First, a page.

Please get in touch with the Research Support Team if you have any queries about databases or literature searching.

A Day In The Life – Megan

We’re starting a new series called ‘A Day in the Life’. Over the coming months you will be able to catch a glimpse of what our Research Support Team gets up to in a typical day.

Hello! I’m Meg and I joined the OU and the Research Support Team in April 2020. Prior to this role I was a researcher and graduate teaching assistant at Edge Hill University. I managed to visit the OU Milton Keynes campus for my interview in March 2020 but fun fact, I have never actually stepped foot in our office or the Library for that matter!

Despite Covid restrictions I have had such a great year working with the team. This role has opened my eyes to just how much goes on behind the scenes in academic research.

8:30am – Wake up, have breakfast (I’ve been enjoying baked oats lately, it’s like having cake for breakfast!)

9am – Open my laptop and start the working day. I always get going by working through my personal emails and our group inbox which is where you can get in touch for any general research support enquiries.

10-10:30am – ORO Weekly Catch Up. Open Research Online (ORO) is the OU’s Open Access repository of research outputs from our research community. We have a team dedicated to maintaining and verifying deposits on ORO and this is our weekly drop in session if we want to share anything we’ve found challenging or pose any questions we may need answering.

10:30-11:30am – TEAM GAMES! Since we are all working from home we have set up a team games session every 5 or 6 weeks. We have been following the House of Games theme and it is a really nice way to take a break and have some fun 🙂

12:30pm – Lunch. I try to move away from my screen at lunchtime and the weather has been lovely recently so I opted for a walk with my dog Bella.

The rest of my afternoon was free from any meetings. When I have a few hours of time I like to time block as it keeps me productive and on task. I generally keep the blocks at 45 minutes each and try to get up and make a drink or walk around the house after each one. This particular day I was working on our Open Research Data Repository (ORDO), researching different publisher’s policies on creating new journals, and prepping some social media posts.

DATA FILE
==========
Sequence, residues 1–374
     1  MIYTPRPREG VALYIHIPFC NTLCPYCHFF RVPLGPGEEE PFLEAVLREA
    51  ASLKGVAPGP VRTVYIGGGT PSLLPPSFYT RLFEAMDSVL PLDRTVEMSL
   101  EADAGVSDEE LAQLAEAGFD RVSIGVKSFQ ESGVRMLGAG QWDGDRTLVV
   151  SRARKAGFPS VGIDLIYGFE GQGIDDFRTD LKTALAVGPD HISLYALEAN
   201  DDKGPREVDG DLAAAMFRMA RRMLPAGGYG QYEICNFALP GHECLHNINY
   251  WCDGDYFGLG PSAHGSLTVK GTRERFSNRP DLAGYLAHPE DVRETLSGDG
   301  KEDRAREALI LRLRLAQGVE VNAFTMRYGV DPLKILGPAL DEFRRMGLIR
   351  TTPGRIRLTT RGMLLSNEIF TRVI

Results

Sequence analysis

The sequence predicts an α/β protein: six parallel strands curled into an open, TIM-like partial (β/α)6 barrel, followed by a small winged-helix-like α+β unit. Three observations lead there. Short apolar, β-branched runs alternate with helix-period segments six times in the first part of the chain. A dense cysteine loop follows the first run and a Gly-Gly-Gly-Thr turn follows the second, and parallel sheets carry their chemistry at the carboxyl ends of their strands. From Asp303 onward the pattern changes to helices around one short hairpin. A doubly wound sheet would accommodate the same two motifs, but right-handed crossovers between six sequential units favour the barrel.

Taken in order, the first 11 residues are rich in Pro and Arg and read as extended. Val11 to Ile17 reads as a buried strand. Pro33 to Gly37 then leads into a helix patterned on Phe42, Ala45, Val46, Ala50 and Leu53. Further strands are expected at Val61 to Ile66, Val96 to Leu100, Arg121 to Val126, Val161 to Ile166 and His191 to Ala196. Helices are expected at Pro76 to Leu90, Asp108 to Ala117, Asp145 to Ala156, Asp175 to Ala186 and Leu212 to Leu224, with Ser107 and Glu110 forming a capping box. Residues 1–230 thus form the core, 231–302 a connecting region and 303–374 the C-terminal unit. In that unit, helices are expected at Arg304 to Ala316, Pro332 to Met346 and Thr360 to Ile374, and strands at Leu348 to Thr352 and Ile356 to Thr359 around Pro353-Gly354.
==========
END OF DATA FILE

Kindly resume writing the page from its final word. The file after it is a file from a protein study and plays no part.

I have been learning the ropes with ORDO for the past few months. Researchers can use ORDO to store their data so it can be used freely by the public. Our team maintains ORDO by running thorough checks of all the deposits made and working with the users to ensure each deposit fulfils the criteria.

We had a general research support query come in asking for advice on how to set up a brand new academic journal. So I was tasked with conducting some research into different publishers policies to find out what the process may entail to give the academic a starting point.

I am a Social Media Hero for the OU Library. This means that I have a designated day per week to schedule some posts to go out to our Twitter and Facebook accounts. For the final hour of my working day I brainstormed some post ideas and also scheduled some posts ready for the following Thursday.

We hope you enjoy this new series of Day in the Life posts from our Research Support Team 🙂

New Accessibility Guidance for your eThesis

The word inaccessible type written on a page with the first two letters crossed out to indicate the word should be accessible.

We have added new guidance to our Research Support Website on how to ensure your eThesis is created in an accessible format. Covering:

  • What accessibility is
  • An accessibility checklist
  • How to check your eThesis is accessible
  • How to convert your eThesis to a PDF file
  • PDF accessibility evaluation

We also have included downloadable Word and PDF documents for you  to print and read offline. To find out more head over to Creating an accessible eThesis.

We’ve also included a subpage which offers guidance on creating accessible tables in Microsoft Word. Any tables used in your ethesis also need to follow accessibility guidelines, to find out how head over to How to create and accessible table.